In terms of employment, agriculture is by far the most important sector of Nigeria's economy, engaging about 70% of the labor force. Agricultural holdings are generally small and scattered; farming is often of the subsistence variety, characterized by simple tools and shifting cultivation. These small farms produce about 80% of the total food. About 30.7 million hectares (76 million acres), or 33% of Nigeria's land area, are under cultivation. Nigeria's diverse climate, from the tropical areas of the coast to the arid zone of the north, make it possible to produce virtually all agricultural products that can be grown in the tropical and semitropical areas of the world. The economic benefits of large-scale agriculture are recognized, and the government favors the formation of cooperative societies and settlements to encourage industrial agriculture. Large-scale agriculture, however, is not common. Despite an abundant water supply, a favorable climate, and wide areas of arable land, productivity is restricted owing to low soil fertility in many areas and inefficient methods of cultivation. Agriculture contributed 32% to GDP in 2001.
The agricultural products of Nigeria can be divided into two main groups: food crops, produced for home consumption, and export products. Prior to the civil war, the country was self-sufficient in food, but imports of food increased substantially after 1973. Bread, made primarily from US wheat, replaced domestic crops as the cheapest staple food for much of the urban population. The most important food crops are yams and manioc (cassava) in the south and sorghum (Guinea corn) and millet in the north. In 1999, production of yams was 25.1 million tons (67% of world production); manioc, 33.1 million tons (highest in the world and 20% of global production); cocoyams (taro), 3.3 million tons; and sweet potatoes, 1,560,000 tons. The 1999 production estimates for major crops were as follows (in thousands of tons): sorghum, 8,443; millet, 5,457; corn, 5,777; rice, 3,399; peanuts, 2,783; palm oil, 842; sugar cane, 675; palm kernel, 565; soybeans, 405; and cotton lint, 57. Many fruits and vegetables are also grown by Nigerian farmers.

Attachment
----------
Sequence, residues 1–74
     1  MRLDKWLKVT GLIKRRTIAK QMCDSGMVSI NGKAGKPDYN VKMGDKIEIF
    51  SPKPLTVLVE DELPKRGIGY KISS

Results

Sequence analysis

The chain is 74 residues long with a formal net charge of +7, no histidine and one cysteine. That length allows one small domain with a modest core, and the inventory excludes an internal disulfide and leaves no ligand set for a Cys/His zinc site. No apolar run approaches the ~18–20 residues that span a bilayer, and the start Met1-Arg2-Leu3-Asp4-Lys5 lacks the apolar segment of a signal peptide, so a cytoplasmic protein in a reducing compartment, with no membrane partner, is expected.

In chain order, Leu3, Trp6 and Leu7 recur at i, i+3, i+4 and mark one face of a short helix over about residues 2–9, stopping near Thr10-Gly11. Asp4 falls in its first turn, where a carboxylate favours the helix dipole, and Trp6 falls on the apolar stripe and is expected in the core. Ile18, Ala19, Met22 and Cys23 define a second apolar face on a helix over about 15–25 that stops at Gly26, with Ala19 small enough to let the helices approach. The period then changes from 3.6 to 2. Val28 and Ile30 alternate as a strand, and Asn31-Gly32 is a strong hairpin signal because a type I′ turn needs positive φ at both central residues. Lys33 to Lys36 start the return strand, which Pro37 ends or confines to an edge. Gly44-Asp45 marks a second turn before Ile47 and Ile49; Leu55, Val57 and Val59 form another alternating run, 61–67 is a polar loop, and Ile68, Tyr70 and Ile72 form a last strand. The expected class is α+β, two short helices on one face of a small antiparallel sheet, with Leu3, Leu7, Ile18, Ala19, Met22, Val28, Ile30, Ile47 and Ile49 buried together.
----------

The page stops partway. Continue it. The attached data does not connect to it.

Although cocoa is the leading non-oil foreign exchange earner, growth in the sector has been slow since the abolition of the Nigerian Cocoa Board. The dominance of smallholders in the cocoa sector and the lack of farm labor due to urbanization holds back production. Nigeria has the potential to produce over 300,000 tons of cocoa beans per year, but production only amounted to 145,000 tons in 1999. Rubber is the second-largest non-oil foreign exchange earner. Despite favorable prices, production has fallen from 155,000 tons in 1991 to 90,000 tons in 1999. Low yield, aging trees, and lack of proper equipment have inhibited production.
Agricultural exports (including manufactured food and agricultural products) decreased in quantity after 1970, partly because of the discouraging effect of low world prices. In 1979, the importing of many foods was banned, including fresh milk, vegetables, roots and tubers, fruits, and poultry. The exporting of milk, sugar, flour, and hides and skins was also banned. During 1985–87, imports of wheat, corn, rice, and vegetable oil were banned as declining income from oil encouraged greater attention to the agricultural sector. In 1986, government marketing boards were closed down, and a free market in all agricultural products was established. In 2001, agricultural exports totaled $323.5 million. Exports of cocoa beans that year totaled $210.4 million; cotton lint, $21 million.